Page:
Although glass fibers formed as above are preferred due to their ease of formation, availability in desired lengths and diameters, and reasonable cost, other common materials which can be fiberized as by usual means of spinning, drawing, attenuating, blowing and so forth into fine diameter fiber can be employed exclusively or in part in the formation of themat. These may include known products manufactured from various source materials of silicates of metal oxides, such as rock wools from argillaceous matter or shale, slag wool from metallurgical slags, each commonly referred to as mineral wools, aluminum silicate fibers and any fibers of the so-called glasses.

As shown in FIGS. 1 and 2 the system of the invention is applied to thermal pipe insulation installed on a length of pipe 10 in FIG. 1 and wherein the insulating body 11 is a cylinder preformed of glass fiber mat as above having a longitudinally severed wall as at slit 12 with diametrically opposed longitudinal slit l3 providing a flexible section to permit spreading the adjacent margins 14 and 15 of slit 12 when the cylinder is placed over the pipe 10. A jacket 16 which can be of sheet material made up of a multiplicity of layers, as paper, an

overlying web of glass fibers as reenforcement, and a metallic foil, is secured to the outer face of cylinder 11 with a first longitudinal margin 17 adjacent the margin 14 of slit l2 and the opposed longitudinal margin 18 on a tab or flap 19 which is free of the cylinder in the vicinity of slit margin 15. Thus the slit 12 remains exposed and available for admission of the pipe upon which the insulation is to be applied.

A seal of the jacket and the maintenance of the insulation on the pipe is effected by adhering the tab or flap 19 as a lap area to the cylinder and jacket 16 on the opposite side of the slit 12 so that it spans the slitand holds it closed. Adhesion is by a factory-applied adhesive on the inner face of flap 19 either over the entire face or over a band 21 in the region which can be contacted on the opposite side of slit 12. The adhesive is of a dormant or non-tackey nature under normal conditions of transportation, handling and installing so that it is easily handled without picking up foreign matter which might impair the bond, and can be conveniently packaged without undesired adhesion of the insulation lengths. Further, installation is accomplished merely by activating the adhesive on the inner face of flap l9 and pressing its tackey surface against the face 16 to which it is to be bonded.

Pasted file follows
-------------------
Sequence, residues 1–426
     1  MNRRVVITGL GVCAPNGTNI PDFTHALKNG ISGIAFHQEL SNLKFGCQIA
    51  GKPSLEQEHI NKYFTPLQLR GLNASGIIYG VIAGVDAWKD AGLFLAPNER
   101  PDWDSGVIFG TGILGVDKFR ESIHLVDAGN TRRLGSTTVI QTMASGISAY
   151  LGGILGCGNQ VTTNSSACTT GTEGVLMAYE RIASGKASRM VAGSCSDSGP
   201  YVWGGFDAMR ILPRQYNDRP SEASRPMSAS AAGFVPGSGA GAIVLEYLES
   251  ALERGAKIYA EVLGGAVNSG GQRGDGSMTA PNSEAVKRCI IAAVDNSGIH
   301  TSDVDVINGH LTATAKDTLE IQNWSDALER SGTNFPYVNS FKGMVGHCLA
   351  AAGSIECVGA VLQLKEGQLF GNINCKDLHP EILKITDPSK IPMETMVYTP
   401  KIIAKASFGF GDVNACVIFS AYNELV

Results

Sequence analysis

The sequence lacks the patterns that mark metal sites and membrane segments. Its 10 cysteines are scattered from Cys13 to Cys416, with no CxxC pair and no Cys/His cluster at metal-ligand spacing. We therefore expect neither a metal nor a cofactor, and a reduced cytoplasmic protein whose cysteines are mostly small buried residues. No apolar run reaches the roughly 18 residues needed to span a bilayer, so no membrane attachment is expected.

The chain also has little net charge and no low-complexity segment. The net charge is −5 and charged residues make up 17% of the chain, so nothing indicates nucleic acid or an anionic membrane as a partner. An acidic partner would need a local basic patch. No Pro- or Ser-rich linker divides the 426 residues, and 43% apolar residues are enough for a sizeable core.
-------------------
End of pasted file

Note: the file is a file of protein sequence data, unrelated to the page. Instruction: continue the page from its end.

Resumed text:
Adhesive which is soluble in either a water-base or compound chemical base is employed. In most construction utilizations it is advantageous to employ adhesives of the phenolic neoprene type. The adhesive should be dormant, readily activated and not flammable. The adhesive is factory applied as a coating and dried prior to packaging. In the field the dry adhesive coating is reactivated by a suitable solvent which could be water or an organic activating fluid such as acetone, toluene, trichloroethane or methyl chloroform applied to the self-seal areas from a flow-controlled applicator. The solvent is effective under installation conditions of temperature and humidity to render the adhesive tacky for a sufficient interval to effect the seal and to evaporate so that the sealed area dries to a non-tackey condition in due course.